The Ukrainian energy sphere’s dependence on Russia

 

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Article by: Mykhaylo Shtekel

Ukraine will buy electricity from Russia, stated Minister of Energy and Coal Industry Volodymur Demchyshin on Wednesday. He assured that the accident on the third block of the Zaporizhya Nuclear Plant has nothing to do with the nuclear reactor and did not lead to radioactive pollution. However, this accident increased the deficit in Ukraine’s energy system, and now it becomes clear why citizens of various regions had no electricity in the beginning of the week. 

“I can say confidently that at least this difficult situation this is a necessary step to balance the energy system, even though it is politically complex, but it is needed,” said head of the Ministry of Energy and Coal Volodymyr Demchyshin, having announced the intent to buy electricity from Russia.

He did not name exact dates, adding that the decision may be made any day.

In an interview to Radio Liberty, the head of energy programs at Razumkov Center Volodymyr Omelchenko criticized such policies.

“If Ukraine has to buy electricity from Russia, it will be a total failure of the state’s energy policy,” he claimed. “If Russia were a reliable partner, this proposal would have been quite expedient and correct, however, under the conditions when the country is being aggressive and trying to destroy our state, this option can not be viewed as the basis.”

However, Omelchenko admits that if there is no coal at the thermal power plants, buying electricity from Russia is almost the only option to immediately satisfy the needs of the country. The expert did not name the exact volume of purchase, however, according to him, it will be quite big.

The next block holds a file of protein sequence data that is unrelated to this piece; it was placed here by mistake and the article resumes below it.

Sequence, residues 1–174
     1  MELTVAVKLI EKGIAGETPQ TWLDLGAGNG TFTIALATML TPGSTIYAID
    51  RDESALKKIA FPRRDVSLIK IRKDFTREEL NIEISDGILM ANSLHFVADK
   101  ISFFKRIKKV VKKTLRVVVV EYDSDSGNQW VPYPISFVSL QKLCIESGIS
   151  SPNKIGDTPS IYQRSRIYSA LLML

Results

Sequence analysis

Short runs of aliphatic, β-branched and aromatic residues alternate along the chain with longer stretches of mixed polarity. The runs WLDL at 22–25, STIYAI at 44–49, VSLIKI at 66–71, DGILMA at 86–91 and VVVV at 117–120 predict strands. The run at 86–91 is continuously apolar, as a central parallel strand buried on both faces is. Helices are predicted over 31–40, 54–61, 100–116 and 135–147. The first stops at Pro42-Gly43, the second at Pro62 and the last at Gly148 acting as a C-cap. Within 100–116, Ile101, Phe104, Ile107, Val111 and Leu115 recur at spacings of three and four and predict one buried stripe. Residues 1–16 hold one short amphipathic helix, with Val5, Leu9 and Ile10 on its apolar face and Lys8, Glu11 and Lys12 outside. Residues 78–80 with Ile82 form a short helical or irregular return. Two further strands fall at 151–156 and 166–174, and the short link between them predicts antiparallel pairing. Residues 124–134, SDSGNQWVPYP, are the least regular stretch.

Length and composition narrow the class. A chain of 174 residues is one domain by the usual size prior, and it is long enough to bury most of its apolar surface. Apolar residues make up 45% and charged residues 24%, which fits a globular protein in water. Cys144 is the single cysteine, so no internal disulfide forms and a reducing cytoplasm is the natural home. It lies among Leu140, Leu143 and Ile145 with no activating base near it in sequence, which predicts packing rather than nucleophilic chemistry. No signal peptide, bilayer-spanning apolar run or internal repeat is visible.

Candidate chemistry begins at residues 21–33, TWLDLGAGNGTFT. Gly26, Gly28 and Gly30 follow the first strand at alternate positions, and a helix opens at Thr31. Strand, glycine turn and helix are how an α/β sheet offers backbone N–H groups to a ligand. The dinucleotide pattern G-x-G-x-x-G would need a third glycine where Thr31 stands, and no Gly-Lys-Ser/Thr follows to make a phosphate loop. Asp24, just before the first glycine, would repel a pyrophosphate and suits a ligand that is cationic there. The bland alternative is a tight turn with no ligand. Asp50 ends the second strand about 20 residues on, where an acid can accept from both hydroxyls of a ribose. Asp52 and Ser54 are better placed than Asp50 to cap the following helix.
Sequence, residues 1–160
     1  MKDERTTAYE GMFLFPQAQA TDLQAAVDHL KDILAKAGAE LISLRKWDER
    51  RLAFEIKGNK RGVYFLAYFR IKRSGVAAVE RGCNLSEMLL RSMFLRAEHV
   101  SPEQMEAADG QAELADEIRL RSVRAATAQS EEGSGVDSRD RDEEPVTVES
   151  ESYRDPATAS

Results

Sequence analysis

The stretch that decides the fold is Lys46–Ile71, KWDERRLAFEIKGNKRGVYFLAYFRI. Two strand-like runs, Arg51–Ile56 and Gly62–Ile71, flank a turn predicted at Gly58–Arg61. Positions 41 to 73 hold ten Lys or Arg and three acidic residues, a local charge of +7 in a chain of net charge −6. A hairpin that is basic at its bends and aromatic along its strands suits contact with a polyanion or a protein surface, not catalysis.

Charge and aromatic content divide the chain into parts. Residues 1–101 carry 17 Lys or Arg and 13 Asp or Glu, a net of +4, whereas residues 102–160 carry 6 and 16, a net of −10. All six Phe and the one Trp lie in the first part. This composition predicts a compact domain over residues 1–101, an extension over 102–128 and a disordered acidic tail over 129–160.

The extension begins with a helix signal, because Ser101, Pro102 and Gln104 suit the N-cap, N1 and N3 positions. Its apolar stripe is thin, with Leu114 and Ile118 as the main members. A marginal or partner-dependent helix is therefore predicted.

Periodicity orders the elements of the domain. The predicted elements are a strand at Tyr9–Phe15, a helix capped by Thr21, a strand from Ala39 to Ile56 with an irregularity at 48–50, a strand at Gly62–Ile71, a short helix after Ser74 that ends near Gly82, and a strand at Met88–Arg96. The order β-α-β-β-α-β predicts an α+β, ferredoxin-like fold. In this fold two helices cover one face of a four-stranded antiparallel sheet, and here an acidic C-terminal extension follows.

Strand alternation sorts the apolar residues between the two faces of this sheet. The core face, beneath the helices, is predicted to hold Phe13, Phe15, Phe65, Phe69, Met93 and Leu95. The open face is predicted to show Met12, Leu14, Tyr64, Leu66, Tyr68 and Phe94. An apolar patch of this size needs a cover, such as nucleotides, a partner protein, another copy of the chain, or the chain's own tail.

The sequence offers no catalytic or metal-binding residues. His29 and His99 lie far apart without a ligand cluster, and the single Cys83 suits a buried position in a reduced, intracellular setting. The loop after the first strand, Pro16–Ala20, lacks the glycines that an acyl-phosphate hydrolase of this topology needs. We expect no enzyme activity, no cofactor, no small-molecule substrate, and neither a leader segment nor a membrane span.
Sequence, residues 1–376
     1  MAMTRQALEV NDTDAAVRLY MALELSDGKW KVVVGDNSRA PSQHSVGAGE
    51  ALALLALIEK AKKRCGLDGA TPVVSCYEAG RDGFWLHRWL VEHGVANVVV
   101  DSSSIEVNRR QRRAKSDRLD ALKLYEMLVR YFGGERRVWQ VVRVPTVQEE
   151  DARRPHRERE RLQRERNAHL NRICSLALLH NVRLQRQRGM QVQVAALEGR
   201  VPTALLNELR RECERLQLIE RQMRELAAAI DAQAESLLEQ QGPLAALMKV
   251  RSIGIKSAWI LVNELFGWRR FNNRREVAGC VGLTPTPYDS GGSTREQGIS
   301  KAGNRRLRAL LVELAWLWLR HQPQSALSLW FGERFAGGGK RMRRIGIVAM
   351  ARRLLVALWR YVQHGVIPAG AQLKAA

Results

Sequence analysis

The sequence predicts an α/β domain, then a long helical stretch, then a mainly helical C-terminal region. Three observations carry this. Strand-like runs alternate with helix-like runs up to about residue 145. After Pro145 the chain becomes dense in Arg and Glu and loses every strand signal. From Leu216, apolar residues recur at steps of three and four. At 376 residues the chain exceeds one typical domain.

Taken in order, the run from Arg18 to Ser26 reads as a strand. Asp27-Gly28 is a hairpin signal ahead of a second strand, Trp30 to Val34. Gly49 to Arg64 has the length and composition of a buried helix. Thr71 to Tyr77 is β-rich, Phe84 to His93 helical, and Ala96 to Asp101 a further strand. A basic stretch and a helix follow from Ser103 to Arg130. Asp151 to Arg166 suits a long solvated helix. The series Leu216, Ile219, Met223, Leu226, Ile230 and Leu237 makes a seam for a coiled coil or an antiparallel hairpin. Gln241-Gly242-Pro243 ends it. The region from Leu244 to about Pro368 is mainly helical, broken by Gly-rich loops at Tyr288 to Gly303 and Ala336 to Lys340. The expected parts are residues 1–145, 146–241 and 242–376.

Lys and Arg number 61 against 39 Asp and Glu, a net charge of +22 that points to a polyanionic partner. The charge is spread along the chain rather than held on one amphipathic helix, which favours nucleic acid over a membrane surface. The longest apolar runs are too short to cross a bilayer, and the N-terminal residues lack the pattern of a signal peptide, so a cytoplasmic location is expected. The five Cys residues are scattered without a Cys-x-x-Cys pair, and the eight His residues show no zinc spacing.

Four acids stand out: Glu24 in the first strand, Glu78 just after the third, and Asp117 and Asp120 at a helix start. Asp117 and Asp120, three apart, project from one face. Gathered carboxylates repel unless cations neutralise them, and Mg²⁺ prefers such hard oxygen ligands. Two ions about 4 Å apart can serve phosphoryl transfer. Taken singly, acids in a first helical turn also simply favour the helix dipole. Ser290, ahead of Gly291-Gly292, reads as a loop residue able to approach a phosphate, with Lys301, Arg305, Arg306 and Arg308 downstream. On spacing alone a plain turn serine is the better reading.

Coal supplies at some Ukrainian thermal power plants are nearing critical. According to official reports, at the Zmiyivska, Vuhlehirska, Luhanska, Prydmiprovska, Kryvorizka power plants, the supplies of coal can ensure work for another four days. Besides, the situation is made worse by the renovation of the third energy block at the Zaporizhya nuclear power plant. On November 28, when it was being switched on, an explosion took place. According to the minister, no radiation had escaped.

This was confirmed by Omelchenko as well. According to him, the explosion occurred outside of the reactor zone, and it should be localized or liquidated quickly.

According to Energoatom, the block in Zaporizhya will begin work on December 5.

However, its suspension gave rise to a deficit in the energy system of Ukraine, which led to the lack of electricity in a number of regions, particularly Ivano-Frankivsk, Odesa and Lviv oblasts. On Wednesday Minister for Energy and Coal Volodymyr Demchyshin expressed the hope that such things can be avoided in the nearest future.

When commenting on the situation, Yury Korolchuk, member of the Observer Council of the Institute of Energy Strategies, told Radio Liberty that such problems are expected.

“Russia is the only country we border that has surplus electricity. Others, particularly Romania and Moldova, bought electricity from Ukraine,” noted Korolchuk. According to him, there is no alternative. “Nuclear power plans can technically make more, however there is not enough power on the transmission lines. By the end of the heating season, we will have to buy ten bullion kWatts per hours,” he stated.

Despite this, the expert has questions regarding the procedure of coal purchase – through an intermediary and not state-owned business Ukrinterenergo. According to Korolchuk, one of the businesses which received the purchasing license was created very recently. “It turned out it involves interests of former Minister of Energy Prodan. They got the license quickly within two weeks,” Korolchuk noted.

Another politically contradictory solution may be buying coal from the separatists who control the mines in Donbas. However, the Ministry reported that it only plans to transport coal from state cooperative Vuhillya Ukrayiny in the east. Donbas, where combat is underway, supplied Ukraine with eighty percent of its coal until recently.

Translated by: Mariya Shcherbinina
Source: Radio Liberty

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